What are Boundaries?

By Eric D. Capehart, Sr., MBA, MA – November 2018

What are boundaries in relationships? Boundaries are the measure by which we allow others to engage with us. If you have weak boundaries, you will likely feel that people are taking advantage of you and treating you in ways that make you uncomfortable. If this is you, I suggest that It may be time to set or reset your personal boundaries. Setting clear boundaries is something that I feel most of us fail to do, which is why we find ourselves accepting whatever someone chooses to dish out.

When to Set or Reset Boundaries

As a professional speaker and subject matter expert, I get requests to speak and attend events on a regular basis. With the demands of working at a University Counseling Center, hosting The Morning Huddle Podcast, and being active with my family — it’s needless to say that my time is limited. At first, I would accept any and all requests, even the non-paid ones, but after a while of not getting paid and feeling bad about it, I realized that I needed to set a boundary around which engagements I would accept. As a result, I had to set a boundary to only accept speaking engagements after fully vetting them first, and sometimes discussing them with my wife if the engagement interfered with family life. Now I only accept events that line up with my current passions and I have a limit on how many pro bono events I will accept.

When thinking about boundaries and which ones need to be set, I recommend that you take some time to reflect on the people, actions, and things that make you feel uncomfortable. I want you to make a list of the top five things that you would like to see changed as it relates to how people engage with you. For example, let’s say your best friend only calls when they need a ride somewhere, or only calls to ask to borrow money. Perhaps that person just came to mind, if so — good. They need to be on your list. Maybe you have a family member who only calls when they need you to do something for them. Put this on your list. Whatever lands on your list, I want you to be honest with yourself and acknowledge how you feel when you encounter these people or situations. These are the areas in which you may want to set or reset boundaries.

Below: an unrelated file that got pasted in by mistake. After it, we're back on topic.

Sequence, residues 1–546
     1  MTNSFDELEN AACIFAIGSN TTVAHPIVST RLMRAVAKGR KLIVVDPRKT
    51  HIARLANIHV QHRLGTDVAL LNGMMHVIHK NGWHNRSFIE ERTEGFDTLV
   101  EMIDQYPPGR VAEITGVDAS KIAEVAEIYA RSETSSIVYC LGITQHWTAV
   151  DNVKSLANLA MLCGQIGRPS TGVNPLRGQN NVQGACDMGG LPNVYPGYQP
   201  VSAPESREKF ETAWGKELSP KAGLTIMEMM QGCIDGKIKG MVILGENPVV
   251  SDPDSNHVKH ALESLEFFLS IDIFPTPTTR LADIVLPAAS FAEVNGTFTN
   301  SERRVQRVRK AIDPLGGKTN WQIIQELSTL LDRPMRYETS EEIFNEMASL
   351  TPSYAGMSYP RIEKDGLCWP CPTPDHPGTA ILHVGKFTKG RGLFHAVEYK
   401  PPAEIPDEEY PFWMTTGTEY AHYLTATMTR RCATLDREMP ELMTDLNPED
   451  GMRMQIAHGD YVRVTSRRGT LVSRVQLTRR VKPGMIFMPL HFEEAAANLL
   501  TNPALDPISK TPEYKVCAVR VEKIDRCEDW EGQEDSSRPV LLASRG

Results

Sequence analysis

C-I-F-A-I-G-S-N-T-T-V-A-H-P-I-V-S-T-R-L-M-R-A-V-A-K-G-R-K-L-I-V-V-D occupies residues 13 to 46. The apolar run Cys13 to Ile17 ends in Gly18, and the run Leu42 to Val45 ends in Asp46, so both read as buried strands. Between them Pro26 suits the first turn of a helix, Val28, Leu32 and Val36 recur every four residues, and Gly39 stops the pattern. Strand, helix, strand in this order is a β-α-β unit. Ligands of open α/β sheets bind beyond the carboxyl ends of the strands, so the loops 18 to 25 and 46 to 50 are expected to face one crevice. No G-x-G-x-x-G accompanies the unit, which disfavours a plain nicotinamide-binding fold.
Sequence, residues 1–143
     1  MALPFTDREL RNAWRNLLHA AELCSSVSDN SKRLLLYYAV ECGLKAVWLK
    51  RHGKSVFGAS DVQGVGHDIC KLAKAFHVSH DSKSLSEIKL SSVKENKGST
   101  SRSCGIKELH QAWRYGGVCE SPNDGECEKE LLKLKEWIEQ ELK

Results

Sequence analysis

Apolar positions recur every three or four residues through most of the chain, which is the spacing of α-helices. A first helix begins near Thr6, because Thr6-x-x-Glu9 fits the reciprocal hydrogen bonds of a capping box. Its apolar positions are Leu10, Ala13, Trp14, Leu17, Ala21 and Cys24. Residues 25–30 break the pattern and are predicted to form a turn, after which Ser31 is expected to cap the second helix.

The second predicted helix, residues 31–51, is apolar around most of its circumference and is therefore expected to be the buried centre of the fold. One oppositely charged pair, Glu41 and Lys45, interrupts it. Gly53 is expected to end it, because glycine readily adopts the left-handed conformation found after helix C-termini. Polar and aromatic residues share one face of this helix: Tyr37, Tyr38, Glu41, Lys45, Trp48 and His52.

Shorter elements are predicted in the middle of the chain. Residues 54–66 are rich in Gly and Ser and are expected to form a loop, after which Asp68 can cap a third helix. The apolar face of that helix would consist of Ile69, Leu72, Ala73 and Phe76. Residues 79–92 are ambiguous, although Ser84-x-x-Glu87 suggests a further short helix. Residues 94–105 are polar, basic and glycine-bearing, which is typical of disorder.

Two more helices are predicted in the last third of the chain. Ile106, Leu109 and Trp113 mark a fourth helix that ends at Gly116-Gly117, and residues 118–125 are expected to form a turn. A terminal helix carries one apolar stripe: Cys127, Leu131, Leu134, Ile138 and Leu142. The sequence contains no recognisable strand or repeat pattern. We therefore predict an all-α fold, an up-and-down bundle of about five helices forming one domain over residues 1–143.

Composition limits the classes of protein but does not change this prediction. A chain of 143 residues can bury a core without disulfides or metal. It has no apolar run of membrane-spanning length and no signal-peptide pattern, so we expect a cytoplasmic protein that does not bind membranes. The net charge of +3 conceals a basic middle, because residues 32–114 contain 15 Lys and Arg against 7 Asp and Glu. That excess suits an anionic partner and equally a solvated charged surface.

Common Traits of Boundaries

A significant part of my work with college students is helping them to understand and set appropriate boundaries. Oftentimes, a college student’s boundaries are non-existent or need to be updated to fit their current situation. Even in the cases where boundaries are set, sometimes they work, and sometimes they are not always effective for various reasons.

Why is this? Let’s review the common traits of boundaries and maybe you’ll understand why.

Rigid Boundaries indicate that you are very protective of information. People who set rigid boundaries usually won’t ask for help, have few close relationships, and keep people at a distance to avoid rejection.

Porous Boundaries is a trait that I see a lot. When a person tells me that they have a hard time telling people no, I detect porous boundaries. People with porous boundaries tend to tell their business with no consideration of consequences. Having porous boundaries can lead to an acceptance of blatant abuse, disrespect, and a fear of rejection if you don’t do what is requested.

Healthy Boundaries are what you want to have. A person with healthy boundaries knows what they value and will not compromise on those values. Healthy boundaries prevent you from telling too much information, and healthy boundaries allow you to accept when a person says ”No.” A person with healthy boundaries knows what they want and can communicate those wants effectively.

When you set your boundaries, understand that you can use a mix of all of the traits depending on the situation. For example, healthy boundaries are expected in a work environment, but you may need to exhibit a more rigid boundary when dealing with an unfamiliar bill collector asking for personal information.

Common Types of Boundaries

One of my favorite types of boundaries to set are Time Boundaries because time is something that, once spent, is gone forever. Setting time boundaries around work, relationships, and self-care is critical in my opinion. When cousin Keith calls for a ride to the bank and you have a paper to write, having a healthy time boundary allows you to say no, and not feel bad about it because you already have something scheduled.

Emotional Boundaries are important to set, especially when in a new dating relationship or any kind of relationship for that matter. Having a healthy boundary in this area prevents you from telling too much personal information too soon. A healthy boundary looks like slowly disclosing personal information as the relationship develops.

I cannot complete this article without mentioning Material Boundaries. These include money and your personal possessions. Remember that person who only calls for money? You may feel that it is appropriate to give the money, but if not, a healthy boundary allows you to say no and keep it moving because you already know what’s up.

Setting clear boundaries allows you to be more authentic in your dealings with people and situations. Having healthy boundaries also gains you more respect from other people as well. What you will notice is that the people who only want to drain you will eventually go away and will be replaced with people who value your boundaries.

Now go set or reset some boundaries and start living your best life.

About the Author
Eric D. Capehart, Sr. is a mental health therapist and is the Creator and Host of The Morning Huddle Podcast, a mental health podcast expressly inclusive of the black experience.

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